Brent,

First, there are NO "possibilities in the future". The future does not 
exist and thus there is no content that can ascribed to it.

What we have is the problem of how nature is to align separate spacetime 
fragments in the PRESENT moment when an event common to them occurs, 
necessitating an alignment. 

It is well known that separate spacetimes have no relational alignment 
whatsoever. However within each spacetime all alignments are already well 
defined by the particle property conservation laws that govern all quantum 
events. e.g. the spins of the particles are already equal and opposite in 
their own frame, it's just that that frame is not yet aligned with that of 
the human observer prior to his measurement of it.

When the human observer makes a measurement of one spin that is a common 
event that aligns the two spacetime fragments, or more accurately the 
spacetime fragment of the spins with the developed spacetime of the 
observer. 

Since there are no laws governing the exact alignment of separate 
spacetimes nature must choose randomly between the possibilities and thus 
the particular spin orientation of the measured particle can be in any 
alignment when measured but that event also immediately aligns the spin of 
the other because it's already aligned with that of the first particle.

It's a straightforward theory that resolves all quantum paradoxes, explains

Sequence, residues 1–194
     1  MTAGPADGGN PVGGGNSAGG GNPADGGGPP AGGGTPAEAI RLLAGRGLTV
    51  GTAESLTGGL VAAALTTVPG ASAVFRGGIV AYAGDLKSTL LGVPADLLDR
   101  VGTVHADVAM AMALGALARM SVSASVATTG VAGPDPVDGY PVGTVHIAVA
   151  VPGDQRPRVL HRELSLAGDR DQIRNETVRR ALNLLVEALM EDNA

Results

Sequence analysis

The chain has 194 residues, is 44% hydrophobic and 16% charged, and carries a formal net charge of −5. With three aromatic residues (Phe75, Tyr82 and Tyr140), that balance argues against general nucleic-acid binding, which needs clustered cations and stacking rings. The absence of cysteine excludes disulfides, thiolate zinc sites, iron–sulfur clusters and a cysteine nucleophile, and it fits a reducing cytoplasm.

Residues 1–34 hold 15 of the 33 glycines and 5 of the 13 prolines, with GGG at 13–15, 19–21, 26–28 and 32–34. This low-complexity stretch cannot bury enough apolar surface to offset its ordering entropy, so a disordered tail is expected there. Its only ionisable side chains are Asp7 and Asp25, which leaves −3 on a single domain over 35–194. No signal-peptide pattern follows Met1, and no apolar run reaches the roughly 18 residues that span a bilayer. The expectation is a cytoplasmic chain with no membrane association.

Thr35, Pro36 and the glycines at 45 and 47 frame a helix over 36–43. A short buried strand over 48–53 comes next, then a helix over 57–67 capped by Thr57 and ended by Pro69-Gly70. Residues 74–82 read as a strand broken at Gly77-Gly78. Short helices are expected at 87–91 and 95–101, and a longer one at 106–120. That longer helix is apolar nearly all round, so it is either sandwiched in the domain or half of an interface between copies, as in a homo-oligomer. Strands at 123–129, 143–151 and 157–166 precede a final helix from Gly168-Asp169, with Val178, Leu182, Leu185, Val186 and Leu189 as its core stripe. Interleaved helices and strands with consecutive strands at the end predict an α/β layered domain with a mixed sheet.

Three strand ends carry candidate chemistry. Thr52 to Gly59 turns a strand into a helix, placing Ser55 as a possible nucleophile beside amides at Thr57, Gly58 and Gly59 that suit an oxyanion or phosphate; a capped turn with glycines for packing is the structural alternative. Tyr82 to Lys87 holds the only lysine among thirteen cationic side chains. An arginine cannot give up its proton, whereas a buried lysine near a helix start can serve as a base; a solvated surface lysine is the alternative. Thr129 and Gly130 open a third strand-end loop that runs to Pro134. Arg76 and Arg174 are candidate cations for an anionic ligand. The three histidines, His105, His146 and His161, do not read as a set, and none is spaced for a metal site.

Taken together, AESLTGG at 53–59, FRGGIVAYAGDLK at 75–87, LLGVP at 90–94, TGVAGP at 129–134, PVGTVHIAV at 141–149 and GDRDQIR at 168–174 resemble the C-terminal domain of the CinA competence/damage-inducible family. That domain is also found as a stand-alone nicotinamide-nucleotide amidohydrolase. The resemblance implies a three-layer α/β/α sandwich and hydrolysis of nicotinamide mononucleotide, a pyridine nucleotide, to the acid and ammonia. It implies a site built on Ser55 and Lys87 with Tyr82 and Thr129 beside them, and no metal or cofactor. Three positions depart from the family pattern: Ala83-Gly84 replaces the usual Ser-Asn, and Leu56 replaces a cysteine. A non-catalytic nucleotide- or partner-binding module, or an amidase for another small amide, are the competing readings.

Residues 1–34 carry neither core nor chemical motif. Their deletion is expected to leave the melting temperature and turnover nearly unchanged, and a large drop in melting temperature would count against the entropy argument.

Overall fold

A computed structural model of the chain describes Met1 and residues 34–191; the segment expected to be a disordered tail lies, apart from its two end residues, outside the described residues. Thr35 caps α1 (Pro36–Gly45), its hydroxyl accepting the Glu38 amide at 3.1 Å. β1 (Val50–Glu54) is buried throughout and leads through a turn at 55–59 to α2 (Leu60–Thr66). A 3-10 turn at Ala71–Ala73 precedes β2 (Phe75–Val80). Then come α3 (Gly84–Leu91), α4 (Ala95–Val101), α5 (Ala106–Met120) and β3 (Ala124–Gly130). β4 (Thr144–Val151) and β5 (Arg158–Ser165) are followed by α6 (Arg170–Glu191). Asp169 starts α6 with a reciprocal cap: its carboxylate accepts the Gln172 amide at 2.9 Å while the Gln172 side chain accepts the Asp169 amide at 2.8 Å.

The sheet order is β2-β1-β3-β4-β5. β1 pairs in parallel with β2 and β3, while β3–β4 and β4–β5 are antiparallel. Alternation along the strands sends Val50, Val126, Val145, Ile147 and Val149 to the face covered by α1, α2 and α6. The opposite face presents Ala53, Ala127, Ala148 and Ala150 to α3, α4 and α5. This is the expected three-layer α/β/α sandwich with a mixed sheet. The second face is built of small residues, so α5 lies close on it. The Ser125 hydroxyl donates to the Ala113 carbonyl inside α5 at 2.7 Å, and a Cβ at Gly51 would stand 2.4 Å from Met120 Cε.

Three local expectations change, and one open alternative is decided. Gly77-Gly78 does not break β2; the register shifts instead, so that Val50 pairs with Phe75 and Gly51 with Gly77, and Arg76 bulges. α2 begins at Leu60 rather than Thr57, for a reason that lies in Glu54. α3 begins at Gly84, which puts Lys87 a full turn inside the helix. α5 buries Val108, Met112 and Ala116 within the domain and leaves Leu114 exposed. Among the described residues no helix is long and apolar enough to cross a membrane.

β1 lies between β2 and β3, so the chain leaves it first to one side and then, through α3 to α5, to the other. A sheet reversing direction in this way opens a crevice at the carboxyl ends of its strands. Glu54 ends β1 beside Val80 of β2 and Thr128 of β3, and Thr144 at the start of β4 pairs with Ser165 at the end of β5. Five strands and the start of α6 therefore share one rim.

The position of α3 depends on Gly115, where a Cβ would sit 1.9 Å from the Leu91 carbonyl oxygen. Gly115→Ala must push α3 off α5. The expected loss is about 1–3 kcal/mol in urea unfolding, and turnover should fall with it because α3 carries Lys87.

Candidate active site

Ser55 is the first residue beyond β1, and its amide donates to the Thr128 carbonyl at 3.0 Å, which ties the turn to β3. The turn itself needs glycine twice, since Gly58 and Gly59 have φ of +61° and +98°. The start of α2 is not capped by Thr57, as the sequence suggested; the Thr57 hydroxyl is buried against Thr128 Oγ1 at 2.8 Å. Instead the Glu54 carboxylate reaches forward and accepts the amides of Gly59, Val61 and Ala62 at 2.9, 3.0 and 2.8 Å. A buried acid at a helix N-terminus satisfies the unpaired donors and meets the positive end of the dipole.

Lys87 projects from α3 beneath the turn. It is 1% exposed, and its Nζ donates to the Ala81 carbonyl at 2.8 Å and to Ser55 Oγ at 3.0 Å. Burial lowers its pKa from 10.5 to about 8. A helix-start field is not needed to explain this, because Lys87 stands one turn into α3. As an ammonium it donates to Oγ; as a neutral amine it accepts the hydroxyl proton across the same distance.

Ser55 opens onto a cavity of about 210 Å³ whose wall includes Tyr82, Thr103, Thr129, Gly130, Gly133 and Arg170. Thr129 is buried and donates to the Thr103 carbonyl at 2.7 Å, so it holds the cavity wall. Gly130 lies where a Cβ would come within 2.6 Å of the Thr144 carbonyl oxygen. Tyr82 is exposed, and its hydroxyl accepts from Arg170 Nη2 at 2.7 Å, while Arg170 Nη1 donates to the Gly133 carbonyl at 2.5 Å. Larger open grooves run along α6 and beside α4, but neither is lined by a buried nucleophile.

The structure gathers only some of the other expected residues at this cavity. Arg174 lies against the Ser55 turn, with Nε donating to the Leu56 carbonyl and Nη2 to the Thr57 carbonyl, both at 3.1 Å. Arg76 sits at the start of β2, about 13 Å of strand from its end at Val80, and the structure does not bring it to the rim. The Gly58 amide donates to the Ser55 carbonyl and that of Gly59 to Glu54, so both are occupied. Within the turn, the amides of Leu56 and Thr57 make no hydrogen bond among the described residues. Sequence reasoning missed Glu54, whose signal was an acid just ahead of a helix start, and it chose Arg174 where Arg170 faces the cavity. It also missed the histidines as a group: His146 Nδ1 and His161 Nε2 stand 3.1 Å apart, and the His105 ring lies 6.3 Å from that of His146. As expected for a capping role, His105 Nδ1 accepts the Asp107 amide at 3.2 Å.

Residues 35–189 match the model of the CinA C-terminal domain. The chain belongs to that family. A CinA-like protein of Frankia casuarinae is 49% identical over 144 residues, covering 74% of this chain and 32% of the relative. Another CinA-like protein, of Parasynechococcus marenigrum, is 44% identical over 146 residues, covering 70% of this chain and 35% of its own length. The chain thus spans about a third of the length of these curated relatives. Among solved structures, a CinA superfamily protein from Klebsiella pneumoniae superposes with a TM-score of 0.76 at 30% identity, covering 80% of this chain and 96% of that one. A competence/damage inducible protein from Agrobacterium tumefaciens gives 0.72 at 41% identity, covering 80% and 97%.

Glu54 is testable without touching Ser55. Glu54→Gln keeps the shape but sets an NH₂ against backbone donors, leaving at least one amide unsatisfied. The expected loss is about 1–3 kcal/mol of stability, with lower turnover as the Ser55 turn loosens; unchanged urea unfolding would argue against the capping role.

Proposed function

the specific source of and reason for quantum randomness, and also provides 
a conceptual unification of QM and GR.

Edgar


On Friday, January 17, 2014 7:26:22 PM UTC-5, Brent wrote:
>
>  On 1/17/2014 9:04 AM, Edgar L. Owen wrote:
>  
>
>  I give a fairly detailed answer to what quantum randomness is and what 
> it applies to in my New Topic post "Another shot at how spacetime emerges 
> from computational reality".
>
>  Basically nature must choose randomly when it aligns the separate 
> spacetime networks that arise from particle property conservation when 
> particles computationally interact. That's because there can be no 
> deterministic way to align separate spacetimes, so nature must choose 
> randomly among the available possibilities.....
>
>
> Of course if there are possibilities in the future that are incompatible 
> then "nature" must pick one.  But that's just a tautology unless you can 
> quantitatively calculate relative probabilities.  Can you show how aligning 
> spacetime networks gives the right decay rates for radioactive nuclei?
>
> Brent
>  

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